By Dave Driscoll
We read about it everywhere…Where are the younger workers/professionals? Why are there so many unfilled positions? Why can’t we hire the talent we need?
From the flip side, we hear about the great resignation, work/life balance, taking a year off, renting an RV and traveling the country… even with school-aged children in tow!
This disruption in the “normal” workforce stems from the pandemic lockdown and the shockwaves everyone has experienced with sickness and/or the death of family or friends. Finding a younger worker who has not experienced pandemic-related anxiety would be a rarity. Tragically, they have learned at a younger age than recent generations that “normal” life can quickly change dramatically or be cut short.
The fear and reality are empowering them to take risks and make decisions that boomers and Generation X wouldn’t have imagined. Millennials and Generation Z are exchanging the paradigm of the “steady paycheck” for the freedom to experience life, family, and nature on their terms.
The pandemic has also unchained portions of the workforce from the office cubical. Office workers now have the ability to conduct business and earn a living from wherever they choose. How many of us used Zoom nearly daily five years ago like we do now? Parents appreciate the flexibility to lessen childcare burdens and accommodate other family considerations. Commuters of any age aren’t sacrificing time in traffic. And many have realized they are more productive without the interruptions, distractions, and temptations to chat with co-workers. Unrestricted location and flexible hours provide the freedom to maximize productivity while exploring and making financial choices to follow their hearts and dreams.
While following those dreams, many are continuing their independence and not delaying gratification. Meanwhile, supply-chain issues result from a shortage of workers to manufacture, offload, transport, and stock products.
The Federal Reserve of St. Louis publishes the Personal Saving Rate (PSR) https://fred.stlouisfed.org/series/PSAVERT. Personal savings is your personal income minus the cost to live and taxes; it’s basically the portion of personal income left over from spending on life’s necessities. The balance is placed in savings or investments. The ratio of personal savings to disposable personal income (DPI) is frequently referred to as “the personal saving rate.”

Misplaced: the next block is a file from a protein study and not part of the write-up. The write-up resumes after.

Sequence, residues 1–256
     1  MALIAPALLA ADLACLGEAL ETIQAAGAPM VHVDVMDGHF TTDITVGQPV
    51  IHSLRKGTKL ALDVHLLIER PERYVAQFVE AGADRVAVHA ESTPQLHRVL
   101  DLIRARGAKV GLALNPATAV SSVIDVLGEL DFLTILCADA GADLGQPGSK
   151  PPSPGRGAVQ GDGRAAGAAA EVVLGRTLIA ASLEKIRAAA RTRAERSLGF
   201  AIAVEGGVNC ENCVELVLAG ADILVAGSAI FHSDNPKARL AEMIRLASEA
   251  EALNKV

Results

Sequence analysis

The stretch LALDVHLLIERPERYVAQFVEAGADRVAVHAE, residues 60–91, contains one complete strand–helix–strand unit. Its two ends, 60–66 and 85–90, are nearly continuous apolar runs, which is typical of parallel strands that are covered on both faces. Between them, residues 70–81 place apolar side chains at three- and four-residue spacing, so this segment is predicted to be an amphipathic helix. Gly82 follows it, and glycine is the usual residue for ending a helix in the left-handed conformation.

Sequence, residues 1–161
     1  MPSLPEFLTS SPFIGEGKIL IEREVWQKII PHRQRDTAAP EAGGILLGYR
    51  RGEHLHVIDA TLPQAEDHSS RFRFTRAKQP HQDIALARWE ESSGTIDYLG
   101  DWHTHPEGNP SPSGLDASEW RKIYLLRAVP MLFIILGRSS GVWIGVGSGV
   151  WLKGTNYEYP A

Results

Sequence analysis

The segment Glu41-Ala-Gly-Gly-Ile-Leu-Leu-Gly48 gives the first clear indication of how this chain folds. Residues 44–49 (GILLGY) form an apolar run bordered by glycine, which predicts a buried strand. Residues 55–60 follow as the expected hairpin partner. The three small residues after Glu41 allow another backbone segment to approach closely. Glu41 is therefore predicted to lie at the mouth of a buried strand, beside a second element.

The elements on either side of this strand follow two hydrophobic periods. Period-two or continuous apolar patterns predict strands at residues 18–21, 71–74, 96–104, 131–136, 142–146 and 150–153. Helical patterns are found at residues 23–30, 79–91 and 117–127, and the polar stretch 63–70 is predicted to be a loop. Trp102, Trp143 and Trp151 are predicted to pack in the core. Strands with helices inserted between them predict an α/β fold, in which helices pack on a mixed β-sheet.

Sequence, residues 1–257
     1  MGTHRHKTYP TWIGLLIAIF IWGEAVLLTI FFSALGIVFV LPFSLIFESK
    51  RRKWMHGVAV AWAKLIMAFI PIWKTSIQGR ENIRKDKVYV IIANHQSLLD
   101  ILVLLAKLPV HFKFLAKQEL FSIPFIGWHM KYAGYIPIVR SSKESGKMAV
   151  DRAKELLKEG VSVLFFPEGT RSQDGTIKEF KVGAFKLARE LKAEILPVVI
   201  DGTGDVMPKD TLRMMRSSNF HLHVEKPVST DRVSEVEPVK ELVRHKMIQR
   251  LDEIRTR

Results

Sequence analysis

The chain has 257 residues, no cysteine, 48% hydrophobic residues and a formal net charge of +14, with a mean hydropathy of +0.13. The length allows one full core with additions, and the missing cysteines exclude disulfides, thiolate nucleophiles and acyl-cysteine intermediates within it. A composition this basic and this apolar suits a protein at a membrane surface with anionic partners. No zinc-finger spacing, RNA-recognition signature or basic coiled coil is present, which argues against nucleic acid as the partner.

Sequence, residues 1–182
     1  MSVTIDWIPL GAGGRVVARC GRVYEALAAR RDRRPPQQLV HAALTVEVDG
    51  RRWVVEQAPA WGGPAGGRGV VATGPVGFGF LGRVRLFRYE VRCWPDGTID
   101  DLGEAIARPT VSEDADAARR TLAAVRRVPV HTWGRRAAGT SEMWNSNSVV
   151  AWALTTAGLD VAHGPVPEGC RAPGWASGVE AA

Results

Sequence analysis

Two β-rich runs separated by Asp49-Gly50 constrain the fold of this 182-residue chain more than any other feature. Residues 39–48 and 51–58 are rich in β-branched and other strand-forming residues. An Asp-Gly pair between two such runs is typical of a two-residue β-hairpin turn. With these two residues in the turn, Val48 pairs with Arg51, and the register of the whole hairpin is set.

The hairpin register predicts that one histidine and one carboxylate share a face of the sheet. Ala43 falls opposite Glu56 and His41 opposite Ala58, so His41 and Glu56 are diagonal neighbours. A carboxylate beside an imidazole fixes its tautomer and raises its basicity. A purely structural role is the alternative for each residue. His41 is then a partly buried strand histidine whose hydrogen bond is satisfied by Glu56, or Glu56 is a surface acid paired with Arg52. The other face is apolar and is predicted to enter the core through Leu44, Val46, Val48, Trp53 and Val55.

From February 2020 to March 2020, the PSR increased to 33.8% and remained at an extraordinarily high level through December 2021. However, in stark contrast, the PSR has now fallen below historical averages indicating folks are spending those massive reserves. Many folks are exploring buying a business in an effort to realize their definition of the “independent lifestyle.”
The M&A broker community has been experiencing increased buyer activity throughout the pandemic, supporting the quest for “lifestyle businesses” that provide autonomy. Owners were slow to join the trend initially, but currently are fully engaged in pursuing their dreams as well… selling their businesses to embrace their retirements with a focus on family, grandchildren, travel, and all the other things they had been postponing.
Seems perfect to me! Younger buyers seeking a better lifestyle are providing the exit pathway for boomers to embrace their retirement objectives.
A logical question is, where are the younger buyers getting the money to purchase mature sellers’ businesses? Actually, there are many sources for the equity needed to qualify for the necessary loans and facilitate the unprecedented business buyer/seller activity. A few examples include:
- Personal savings-see PSR paragraph above
- Friends and family
- 401(k) retirement accounts (think about the stock market growth rate over the past four-five years)
- Seller financing – Sellers can contribute a buyer’s equity with a small seller note
A younger buyer can find the financing to complete the business purchase through conventional sources such as banks and credit unions. To qualify for traditional financing, borrowers need to conform to conventional lending standards of equity inputs from 20% to 30%, qualifying credit experience, leverageable underlying assets of the business being purchased, and adequate free cash flow coverage to support the debt service required to purchases the business.
Another source of financing is the Small Business Administration (SBA). The SBA still focuses on the fundamentals of lending but can assist a borrower with less onerous terms such as percent of equity input and length of amortization. The SBA views seller notes as a plus and that can be considered in the total equity input required from the buyer. Also, the SBA’s focus is on the historical free cash flow produced by the business, with less emphasis on the underlying assets.
So, where are the workers?
Many are buying businesses that support their definition and vision of a well-balanced life.
Given what we all have witnessed and experienced in the past couple years, priorities have shifted. Having been a business owner my entire career, I can understand why younger workers are choosing the entrepreneurial lifestyle and not allowing others to dictate their path.
Dave Driscoll is president of Metro Business Advisors, a mergers & acquisitions, valuation and exit/succession planning firm helping owners of companies with revenue up to $20 million sell their most valuable asset. Reach Dave at [email protected] or (314) 303-5600. www.MetroBusinessAdvisors.com
As seen in Dave’s monthly column in St. Louis Small Business Monthly.